By Joe Pyritz
With the summer rain storms soon to be arriving, horse owners should take the precaution to vaccinate their equines against West Nile virus (WNV).
The mosquito that carries WNV primarily targets birds, horses and humans.
"There are a lot of factors that can make this a pretty bad season for WNV," said Environmental Health Specialist Tami Schuler. "We have the upcoming rain storms that can lead to stagnant pools of water and now you add the abundance of green pools into the mix, we expect to be very busy."
Schuler said that the horse vaccine is not a one-time only solution for owners.
"Once the horse is vaccinated, it should be given a booster once a year for protection. But check with veterinarian to make sure the course of treatment is appropriate for the animal."
According to the American Association of Equine Practitioners (AAEP), a horse may experience symptoms such as: fever, ataxia (stumbling), depression or apprehension, stupor, behavioral changes, weakness of limbs, partial paralysis, droopy lip, teeth grinding, muscle twitching, tremors, difficulty rising, convulsions, blindness, colic, and intermittent lameness or death.
The AAEP says the fatality rate for horses with WNV is 33 percent. For those that survive, 40 percent have residual effects following WNV infection. The effects can be physical or behavioral.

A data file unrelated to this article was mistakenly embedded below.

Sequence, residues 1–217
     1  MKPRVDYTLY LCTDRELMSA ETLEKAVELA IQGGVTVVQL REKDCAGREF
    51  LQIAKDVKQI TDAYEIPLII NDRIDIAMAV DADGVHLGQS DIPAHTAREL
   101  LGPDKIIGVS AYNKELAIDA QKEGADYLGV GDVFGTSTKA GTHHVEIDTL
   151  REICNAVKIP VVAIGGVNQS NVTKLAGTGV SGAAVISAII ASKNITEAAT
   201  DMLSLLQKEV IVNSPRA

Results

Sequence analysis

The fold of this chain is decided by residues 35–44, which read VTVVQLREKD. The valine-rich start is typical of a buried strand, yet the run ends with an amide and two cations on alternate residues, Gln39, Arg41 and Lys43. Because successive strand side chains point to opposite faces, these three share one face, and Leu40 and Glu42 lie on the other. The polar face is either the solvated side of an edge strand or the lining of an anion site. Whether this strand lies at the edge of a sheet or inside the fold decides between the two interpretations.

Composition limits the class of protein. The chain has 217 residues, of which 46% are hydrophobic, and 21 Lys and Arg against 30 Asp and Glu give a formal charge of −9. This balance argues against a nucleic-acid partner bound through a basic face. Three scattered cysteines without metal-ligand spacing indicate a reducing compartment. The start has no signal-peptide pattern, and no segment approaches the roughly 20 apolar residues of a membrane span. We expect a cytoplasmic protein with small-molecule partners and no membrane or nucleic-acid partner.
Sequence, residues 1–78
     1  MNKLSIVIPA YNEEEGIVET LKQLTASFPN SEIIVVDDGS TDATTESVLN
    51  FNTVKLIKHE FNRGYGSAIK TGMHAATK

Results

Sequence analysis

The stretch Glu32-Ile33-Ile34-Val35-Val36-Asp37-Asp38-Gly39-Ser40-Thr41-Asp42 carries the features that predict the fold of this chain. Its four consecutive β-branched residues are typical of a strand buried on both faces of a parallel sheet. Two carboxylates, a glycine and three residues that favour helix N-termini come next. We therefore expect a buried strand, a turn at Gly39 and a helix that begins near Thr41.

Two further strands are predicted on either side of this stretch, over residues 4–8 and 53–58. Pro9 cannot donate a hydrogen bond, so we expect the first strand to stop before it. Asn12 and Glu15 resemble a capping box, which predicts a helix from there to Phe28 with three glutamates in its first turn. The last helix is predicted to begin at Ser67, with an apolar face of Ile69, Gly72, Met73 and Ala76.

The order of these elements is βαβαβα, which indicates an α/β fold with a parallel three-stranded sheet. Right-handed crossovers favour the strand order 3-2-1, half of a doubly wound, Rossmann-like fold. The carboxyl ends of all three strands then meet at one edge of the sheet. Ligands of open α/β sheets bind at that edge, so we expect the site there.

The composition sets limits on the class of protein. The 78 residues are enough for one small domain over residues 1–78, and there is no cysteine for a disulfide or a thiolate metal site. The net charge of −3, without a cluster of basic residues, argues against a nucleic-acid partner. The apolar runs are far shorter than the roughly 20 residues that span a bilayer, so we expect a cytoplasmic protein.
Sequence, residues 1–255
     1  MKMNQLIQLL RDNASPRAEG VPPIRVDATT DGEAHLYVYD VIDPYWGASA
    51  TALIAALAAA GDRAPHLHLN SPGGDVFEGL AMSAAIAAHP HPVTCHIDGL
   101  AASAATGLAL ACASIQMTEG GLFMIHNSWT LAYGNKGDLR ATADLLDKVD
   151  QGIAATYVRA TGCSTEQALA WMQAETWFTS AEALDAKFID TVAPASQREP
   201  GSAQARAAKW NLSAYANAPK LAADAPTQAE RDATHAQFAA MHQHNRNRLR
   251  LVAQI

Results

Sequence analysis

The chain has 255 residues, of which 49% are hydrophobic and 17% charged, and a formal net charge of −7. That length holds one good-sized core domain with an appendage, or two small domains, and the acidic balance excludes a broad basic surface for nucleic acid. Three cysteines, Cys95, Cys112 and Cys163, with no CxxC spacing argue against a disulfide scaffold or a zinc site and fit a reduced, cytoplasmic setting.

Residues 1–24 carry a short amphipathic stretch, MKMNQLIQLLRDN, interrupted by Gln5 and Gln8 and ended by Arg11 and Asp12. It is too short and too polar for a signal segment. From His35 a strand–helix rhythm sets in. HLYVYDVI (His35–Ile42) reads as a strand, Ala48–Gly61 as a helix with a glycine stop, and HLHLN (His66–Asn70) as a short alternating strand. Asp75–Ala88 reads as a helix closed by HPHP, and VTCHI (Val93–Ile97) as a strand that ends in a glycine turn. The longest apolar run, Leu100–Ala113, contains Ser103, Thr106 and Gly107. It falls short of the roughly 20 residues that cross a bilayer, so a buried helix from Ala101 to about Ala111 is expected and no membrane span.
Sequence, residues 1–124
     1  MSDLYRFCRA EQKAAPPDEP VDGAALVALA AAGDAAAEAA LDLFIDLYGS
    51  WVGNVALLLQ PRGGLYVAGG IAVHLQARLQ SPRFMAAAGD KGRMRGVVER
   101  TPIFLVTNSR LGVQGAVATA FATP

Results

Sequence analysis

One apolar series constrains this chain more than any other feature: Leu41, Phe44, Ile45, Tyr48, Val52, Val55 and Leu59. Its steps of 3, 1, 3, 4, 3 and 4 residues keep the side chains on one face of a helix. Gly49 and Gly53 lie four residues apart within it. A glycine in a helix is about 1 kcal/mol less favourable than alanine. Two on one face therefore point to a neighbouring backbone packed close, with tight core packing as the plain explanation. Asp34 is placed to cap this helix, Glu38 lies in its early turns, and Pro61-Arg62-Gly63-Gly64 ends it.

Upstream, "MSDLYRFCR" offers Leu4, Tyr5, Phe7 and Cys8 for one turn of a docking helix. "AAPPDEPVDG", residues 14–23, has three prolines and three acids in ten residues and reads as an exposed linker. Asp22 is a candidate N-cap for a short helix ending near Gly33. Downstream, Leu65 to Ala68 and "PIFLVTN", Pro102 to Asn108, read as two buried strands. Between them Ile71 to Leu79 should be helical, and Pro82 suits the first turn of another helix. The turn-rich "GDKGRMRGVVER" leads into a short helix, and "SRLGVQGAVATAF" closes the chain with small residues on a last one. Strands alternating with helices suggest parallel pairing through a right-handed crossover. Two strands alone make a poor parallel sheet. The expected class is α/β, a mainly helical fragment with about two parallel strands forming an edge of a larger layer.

"Horse owners can also take some basic actions to help further prevent their animals from getting WNV," Schuler added. "You have the basics such as removing old tires that can collect water, getting rid of stagnant water ponds on your property and changing the horse's water daily. Owners can use a pyrethroid insect repellant when mosquitoes are most active and should remove animal waste as frequently as possible. Owners can also hang box fans in their horses' stalls to prevent the mosquitoes from landing and biting. Mosquitoes are weak fliers."
Pinal County Division of Environmental Health Vector Program has been keeping busy trapping and testing mosquitoes for any signs of WNV in Pinal County. "We are keeping vigilant," Schuler said. "We are hoping Pinal County residents keep up the good work in ridding their property of standing water. If that happens, we can keep the mosquito population down for everyone, including the horses."